0.0 Abstract

train blur

Shift, in concept and method, is a view on empirically based graphic design.

Inviting constant shifts of perspective—from one place, position, direction, or person, to another—I assume the stance of observer and documentarian of the transitory. My work, which operates in the liminal space between ordinary and extraordinary places, things, and people in everyday life, is a time-lapse archive (whether in print or on screen) of localized experience. Within this role I capture the “qualitative data” of my daily commute, both as record of the everyday, and as a perspective on a culture in motion. The blurred color gradient of dawn seen through the window of a speeding train, the minute observations of a tattered ticket stub recording the travel zones in eight point Helvetica type, or the off-glances of the commuters trying to ignore the quotidian space, are the fragments that construct a document of the rituals of everyday life.

Shift is an inquiry into an empirically based graphic design methodology based on a process of observing and synthesizing amid constant flux, organized into three parts: first, intuition enables me to understand that my surroundings are the primary source for design inspiration. Second, transformation is formulated by using tools such as still photography and video to capture my intuitions. Then, I distill, edit, and reflect on the captured footage in order to uncover the essence of the original inspiration. Finally, feedback occurs when the transformed content is presented in a new context: whether it be a printed matter, a video vignette, an interactive screen project, or a physical installation. Although the process is based in science, it is anything but rigid or didactic. I do not seek predetermined outcomes so much as the awareness necessary to inspire further explorations—whether mine or that of others—in this method.

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abstract v.15

Newfound: an empirical method through the lens of graphic design investigates the “ordinary” and the “extraordinary” in everyday life. This process aims to observe our surroundings and to translate them into new narratives through the lens of graphic design. Awareness of “ordinary” objects, actions, experiences, and routines such as looking out the window of a moving train during my daily commute—from Boston to Providence—or at the ticket stub each passenger receives along the way enabling me to collect a database of inspirations for design experiments. At the same time, I am observing and questioning “extraordinary” events, places, and phenomenon: a sunset over the city of Boston as I look out my living room window, or a grand landscape across the countryside as I travel by it. Although these events are spectacular, I believe there is a threshold between the two categories: they have equal visual value and meaning if I translate them through an empirical method of graphic design.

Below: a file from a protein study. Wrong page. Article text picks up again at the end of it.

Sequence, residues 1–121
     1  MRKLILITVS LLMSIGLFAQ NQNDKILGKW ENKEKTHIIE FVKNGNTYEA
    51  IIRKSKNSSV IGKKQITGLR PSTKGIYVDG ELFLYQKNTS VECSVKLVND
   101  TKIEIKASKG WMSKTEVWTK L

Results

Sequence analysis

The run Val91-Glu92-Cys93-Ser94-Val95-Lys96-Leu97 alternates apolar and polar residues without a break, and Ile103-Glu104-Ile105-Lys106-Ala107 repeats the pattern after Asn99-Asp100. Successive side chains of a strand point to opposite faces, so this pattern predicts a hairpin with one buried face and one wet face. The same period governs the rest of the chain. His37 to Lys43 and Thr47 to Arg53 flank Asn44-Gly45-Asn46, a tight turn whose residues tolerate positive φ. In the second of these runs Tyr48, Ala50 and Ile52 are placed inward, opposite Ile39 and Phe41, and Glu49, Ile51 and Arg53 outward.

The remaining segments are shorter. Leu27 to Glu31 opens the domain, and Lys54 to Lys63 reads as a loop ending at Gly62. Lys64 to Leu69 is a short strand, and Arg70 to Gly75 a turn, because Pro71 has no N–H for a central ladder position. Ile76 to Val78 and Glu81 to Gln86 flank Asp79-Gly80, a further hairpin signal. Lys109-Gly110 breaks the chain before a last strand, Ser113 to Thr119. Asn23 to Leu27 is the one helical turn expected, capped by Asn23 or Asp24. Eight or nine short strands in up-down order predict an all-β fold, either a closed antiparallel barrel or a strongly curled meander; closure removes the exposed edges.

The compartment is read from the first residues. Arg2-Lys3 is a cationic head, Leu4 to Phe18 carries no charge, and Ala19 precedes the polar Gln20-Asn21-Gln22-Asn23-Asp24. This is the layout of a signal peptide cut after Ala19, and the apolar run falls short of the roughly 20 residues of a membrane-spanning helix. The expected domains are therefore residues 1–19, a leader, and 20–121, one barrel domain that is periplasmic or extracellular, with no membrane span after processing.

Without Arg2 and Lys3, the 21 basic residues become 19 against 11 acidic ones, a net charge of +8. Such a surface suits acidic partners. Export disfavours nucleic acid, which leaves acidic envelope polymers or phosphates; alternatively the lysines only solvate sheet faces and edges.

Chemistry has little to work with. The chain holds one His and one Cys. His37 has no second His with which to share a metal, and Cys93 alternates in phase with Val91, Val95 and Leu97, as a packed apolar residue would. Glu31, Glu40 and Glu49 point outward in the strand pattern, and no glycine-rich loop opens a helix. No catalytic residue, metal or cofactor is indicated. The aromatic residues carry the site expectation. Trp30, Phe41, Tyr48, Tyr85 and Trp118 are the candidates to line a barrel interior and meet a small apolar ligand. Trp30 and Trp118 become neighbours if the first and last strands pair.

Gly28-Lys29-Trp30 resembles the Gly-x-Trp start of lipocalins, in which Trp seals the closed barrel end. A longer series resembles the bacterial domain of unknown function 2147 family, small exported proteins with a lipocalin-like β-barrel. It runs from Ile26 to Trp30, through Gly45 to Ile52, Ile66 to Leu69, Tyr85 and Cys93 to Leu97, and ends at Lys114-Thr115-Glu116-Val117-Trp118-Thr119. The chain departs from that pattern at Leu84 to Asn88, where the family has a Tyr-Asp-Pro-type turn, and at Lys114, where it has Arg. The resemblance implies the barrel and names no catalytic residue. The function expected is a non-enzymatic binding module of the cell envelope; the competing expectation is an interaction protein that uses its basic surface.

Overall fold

The structure of this empirical method is to observe and contemplate all around us for inspiration; to capture through tools such as still photography and video; and finally, to distill, edit, and present the captured footage in order to uncover the essence of the original observation and transform its content into a new context: whether it be a printed matter, a video vignette, an interactive screen project, or a physical installation. This method not only frames my creative process, but also encourages a shared process for a wide audience to discover and observe our everyday.

thesis thoughts: unfound

I’ve been thinking a lot about how to best communicate my thesis. It has much to do with what I see everyday. I just came back from a trip to Kentucky and saw some beautiful horse farms on the outskirts of Lexington. There was a spot off one of the roads that said scenic viewpoint. This really made me think about my thesis. Why is this spot pointed out? While the gentle hills, iconic barns, and pristine stockade fencing were stunning, there were equally as many striking and artful images to be found in the ordinary or the “unfound,” most only existed for a moment in time.

I want to find the extraordinary in the ordinary and the beauty in the mundane and I want to share it with others. I want to stop people in their tracks, make them alter their routines for brief moments, and then shake them with the gorgeousness of the everyday. I want to be a part of sharing the beauty I find, so that others can share in this joy.

My thesis acts in a three-part process: as an operator, as a spectator and as the presenter. As an operator, I observe my surroundings and capture them through still photography and video. As a spectator, I review the captured footage, and am often bewildered by the new form it takes. I then distill and edit the footage to uncover the essence of the original observations. Finally, as the presenter, I transform the content into a new form: whether it be a printed matter, a video vignette, an interactive screen project, or a physical installation.

This thesis enters into a dialogue with the work and theory of other artists with similar concerns: the artist, Robert Rauschenberg, whose “combine” projects take objects off the street recontextualizing them into a new form of painting and sculpture; the photographer, Eadweard Muybridge, who photographs the movement of humans and animals and translates them into frame-by-frame still imagery to reflect this process; the filmmaker, Michel Gondry, whose films warp perception by using everyday objects to perform surreal experiences; and the historian, Michel de Certeau, who uncovers systems of the everyday as a process that includes all of us in it.

My work aims to be accessible to a wide audience and to represent new scenic viewpoints in our everyday. I look forward to uncovering Graphic Design in the details as well as the majestic moments of the everyday in order to transform and share my perspective with others.